Europe South Asia Asia Pacific Americas Middle East Africa BBC Homepage World Service Education

Front Page



UK Politics







Talking Point
On Air
Low Graphics

Friday, January 15, 1999 Published at 12:35 GMT

World: South Asia

Stampede tragedy at Hindu shrine

The huge numbers of pilgrims on the hill led to its collapse

Police and firefighters in the southern Indian state of Kerala have launched a major rescue operation after a landslide caused a temple to cave in.

BBC South Asia Correspondent Mike Wooldridge: Disaster at an increasingly popular annual pilgrimage
So far, 52 people are reported dead in the tragedy, and the death toll is expected to rise.

The landslide occurred while some 200,000 male Hindu pilgrims were gathered around the holy site on a hill.

The worshippers were watching for what they believed to be a celestial light at the Sabarimala shrine in Kerala state.

Deadly stampede

The BBC's Judy Swallow, who is in Kerala, said worshippers were trying to get the best vantage point of the celestial light when the hill collapsed under the sheer weight of pilgrims.

T R Gopalakumar describes scenes of pandemonium at the site of the temple
Some of the dead were buried in the collapse, but most died in a stampede to avoid the landslide.

One police officer said: "There was panic all around, people were screaming. Most people died because they tried to rush down the hill."

Local emergency facilities in the remote region, which has little infrastructure, were severely stretched by the number of injured and some of the most critically injured needed to be transported further afield.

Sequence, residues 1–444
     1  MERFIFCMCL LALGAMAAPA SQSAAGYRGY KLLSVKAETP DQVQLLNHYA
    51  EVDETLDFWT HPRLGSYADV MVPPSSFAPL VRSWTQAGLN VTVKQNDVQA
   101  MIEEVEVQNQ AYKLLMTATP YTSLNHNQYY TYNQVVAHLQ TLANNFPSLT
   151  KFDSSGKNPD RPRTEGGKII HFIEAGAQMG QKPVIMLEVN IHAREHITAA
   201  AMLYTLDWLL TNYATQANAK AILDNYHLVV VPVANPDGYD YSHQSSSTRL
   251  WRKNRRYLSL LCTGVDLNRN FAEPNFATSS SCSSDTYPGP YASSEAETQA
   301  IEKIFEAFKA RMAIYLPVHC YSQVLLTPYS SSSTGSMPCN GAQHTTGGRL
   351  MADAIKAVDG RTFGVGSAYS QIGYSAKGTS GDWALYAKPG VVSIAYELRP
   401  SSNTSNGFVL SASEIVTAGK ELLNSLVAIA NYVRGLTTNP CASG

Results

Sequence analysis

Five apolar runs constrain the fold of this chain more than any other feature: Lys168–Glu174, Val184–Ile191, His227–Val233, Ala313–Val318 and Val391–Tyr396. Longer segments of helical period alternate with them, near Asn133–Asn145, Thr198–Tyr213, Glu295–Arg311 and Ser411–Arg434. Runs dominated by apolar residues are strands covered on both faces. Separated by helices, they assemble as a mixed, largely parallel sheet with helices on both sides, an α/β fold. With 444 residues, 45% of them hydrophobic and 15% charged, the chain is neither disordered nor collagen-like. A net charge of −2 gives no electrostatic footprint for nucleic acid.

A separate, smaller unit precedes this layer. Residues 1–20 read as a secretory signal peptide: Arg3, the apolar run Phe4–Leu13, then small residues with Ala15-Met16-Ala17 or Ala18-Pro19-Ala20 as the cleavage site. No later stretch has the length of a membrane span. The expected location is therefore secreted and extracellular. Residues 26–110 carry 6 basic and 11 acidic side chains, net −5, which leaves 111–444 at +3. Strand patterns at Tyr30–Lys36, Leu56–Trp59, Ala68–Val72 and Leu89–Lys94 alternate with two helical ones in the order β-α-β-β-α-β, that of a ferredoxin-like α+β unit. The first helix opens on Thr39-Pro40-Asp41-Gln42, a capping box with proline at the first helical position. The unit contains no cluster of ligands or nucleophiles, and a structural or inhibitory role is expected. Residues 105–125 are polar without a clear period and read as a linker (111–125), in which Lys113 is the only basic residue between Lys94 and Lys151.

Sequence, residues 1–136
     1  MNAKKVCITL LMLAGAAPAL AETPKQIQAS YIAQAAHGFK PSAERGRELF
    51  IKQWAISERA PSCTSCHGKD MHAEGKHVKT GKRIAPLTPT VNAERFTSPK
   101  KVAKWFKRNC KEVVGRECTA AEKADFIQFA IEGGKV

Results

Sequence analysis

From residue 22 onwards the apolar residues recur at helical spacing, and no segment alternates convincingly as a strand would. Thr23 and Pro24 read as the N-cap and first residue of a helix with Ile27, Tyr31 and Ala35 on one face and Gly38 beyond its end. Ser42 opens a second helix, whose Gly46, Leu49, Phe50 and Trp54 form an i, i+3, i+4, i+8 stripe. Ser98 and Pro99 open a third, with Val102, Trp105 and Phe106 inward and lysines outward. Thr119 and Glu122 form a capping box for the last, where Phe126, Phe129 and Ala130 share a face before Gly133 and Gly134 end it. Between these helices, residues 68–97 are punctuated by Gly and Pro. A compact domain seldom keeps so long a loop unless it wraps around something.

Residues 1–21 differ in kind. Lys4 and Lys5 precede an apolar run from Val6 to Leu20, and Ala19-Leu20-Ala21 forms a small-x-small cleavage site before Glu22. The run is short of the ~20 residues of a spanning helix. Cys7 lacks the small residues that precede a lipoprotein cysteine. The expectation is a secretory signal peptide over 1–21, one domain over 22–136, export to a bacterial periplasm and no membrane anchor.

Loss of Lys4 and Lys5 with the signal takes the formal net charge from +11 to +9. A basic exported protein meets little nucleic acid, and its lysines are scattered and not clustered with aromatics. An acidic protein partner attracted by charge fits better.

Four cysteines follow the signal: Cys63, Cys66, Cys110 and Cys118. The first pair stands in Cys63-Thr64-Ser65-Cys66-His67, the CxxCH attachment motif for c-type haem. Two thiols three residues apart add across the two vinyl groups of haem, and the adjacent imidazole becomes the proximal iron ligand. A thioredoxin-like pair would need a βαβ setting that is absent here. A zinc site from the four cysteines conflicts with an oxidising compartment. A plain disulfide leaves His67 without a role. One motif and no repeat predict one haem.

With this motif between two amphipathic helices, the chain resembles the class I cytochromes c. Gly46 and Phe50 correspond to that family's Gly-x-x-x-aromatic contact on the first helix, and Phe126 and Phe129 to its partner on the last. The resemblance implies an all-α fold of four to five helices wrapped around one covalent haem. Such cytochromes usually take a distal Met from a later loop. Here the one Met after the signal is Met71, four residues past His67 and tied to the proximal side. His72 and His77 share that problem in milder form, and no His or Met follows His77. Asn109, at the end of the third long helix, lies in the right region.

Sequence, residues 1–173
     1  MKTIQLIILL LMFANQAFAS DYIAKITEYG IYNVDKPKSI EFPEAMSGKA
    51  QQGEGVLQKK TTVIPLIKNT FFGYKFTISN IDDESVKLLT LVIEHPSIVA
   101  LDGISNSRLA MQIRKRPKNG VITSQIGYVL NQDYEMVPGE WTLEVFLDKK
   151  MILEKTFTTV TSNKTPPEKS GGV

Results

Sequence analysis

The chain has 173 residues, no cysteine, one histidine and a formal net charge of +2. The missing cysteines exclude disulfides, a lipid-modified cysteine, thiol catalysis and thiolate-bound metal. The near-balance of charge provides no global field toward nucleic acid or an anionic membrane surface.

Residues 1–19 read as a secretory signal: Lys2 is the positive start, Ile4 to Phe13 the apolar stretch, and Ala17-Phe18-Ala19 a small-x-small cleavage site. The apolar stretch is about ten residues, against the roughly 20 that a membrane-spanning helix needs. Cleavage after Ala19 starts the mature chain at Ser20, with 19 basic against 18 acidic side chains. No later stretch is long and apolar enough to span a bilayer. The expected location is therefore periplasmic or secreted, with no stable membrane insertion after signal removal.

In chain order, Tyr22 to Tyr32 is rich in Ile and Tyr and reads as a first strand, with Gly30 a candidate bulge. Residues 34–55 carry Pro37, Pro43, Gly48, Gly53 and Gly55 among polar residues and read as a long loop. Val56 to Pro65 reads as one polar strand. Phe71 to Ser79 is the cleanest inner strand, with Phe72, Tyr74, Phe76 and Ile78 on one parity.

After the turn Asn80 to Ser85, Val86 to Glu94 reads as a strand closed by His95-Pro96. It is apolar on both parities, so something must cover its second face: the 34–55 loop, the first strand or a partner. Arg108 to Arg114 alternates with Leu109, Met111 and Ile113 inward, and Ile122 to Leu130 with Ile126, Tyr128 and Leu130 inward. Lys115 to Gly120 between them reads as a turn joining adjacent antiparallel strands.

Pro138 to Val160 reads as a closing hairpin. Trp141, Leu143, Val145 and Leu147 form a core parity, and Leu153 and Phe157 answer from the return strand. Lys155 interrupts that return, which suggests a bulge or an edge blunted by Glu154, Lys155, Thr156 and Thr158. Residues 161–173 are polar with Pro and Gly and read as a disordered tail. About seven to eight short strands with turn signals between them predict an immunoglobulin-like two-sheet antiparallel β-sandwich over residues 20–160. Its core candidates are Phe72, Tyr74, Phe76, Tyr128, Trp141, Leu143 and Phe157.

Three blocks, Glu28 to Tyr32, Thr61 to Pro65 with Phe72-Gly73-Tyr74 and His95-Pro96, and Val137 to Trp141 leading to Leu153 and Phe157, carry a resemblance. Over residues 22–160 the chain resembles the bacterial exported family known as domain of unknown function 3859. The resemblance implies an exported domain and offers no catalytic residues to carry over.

South Asia Correspondent Mike Wooldridge: "Period of great austerity"
Some of the bodies are proving hard to identify as there were also pilgrims from states other than Kerala.

The Indian Prime Minister, Atal Behari Vajpayee, is expected to visit the site of the disaster at some point.


Prime Minister Atal Behari Vajpayee said he was shocked by the tragedy.

During the two-month period of pilgrimage, millions of worshippers make their way to the shrine to the Hindu god Ayappa. Most are Hindus, but some Muslims also visit the site.

On their way back, they find vantage points on hilltops in the area to watch for the celestial light.

Devotees traditionally visit the shrine dressed in black robes at the end of a 40-day period of penance.

The BBC South Asia Correspondent, Mike Wooldridge, says it is the first time there has been such a tragedy at Sabarimala.

Indian pilgrimage sites, often located in isolated, inaccessible areas, have exerted a heavy death toll over the years, often as a result of devotees ignoring official warnings.

In 1996 more than 200 pilgrims died when they were caught in a blizzard en route to the sacred Amarnath cave site in the northern state of Kashmir.

And in August last year, 60 pilgrims were among more than 200 people who died when a landslide buried an entire mountain village in the northern state of Uttar Pradesh.

Advanced options | Search tips

Back to top | BBC News Home | BBC Homepage |

Africa | Americas | Asia-Pacific | Europe | Middle East | South Asia

Internet Links


India 4 U: Sabarimala Pilgrimage

Sabarimala Shrine

The BBC is not responsible for the content of external internet sites.

In this section

Sharif: I'm innocent

India's malnutrition 'crisis'

Tamil rebels consolidate gains

From Sport
Saqlain stars in Aussie collapse

Pakistan fears Afghan exodus

Hindu-Buddhist conference in Nepal

Afghan clerics issue bin Laden fatwa

Culture awards at Asian festival

Gandhi pleads for husband's killer

UN condemns Afghan bombing

Gandhi prize for Bangladeshi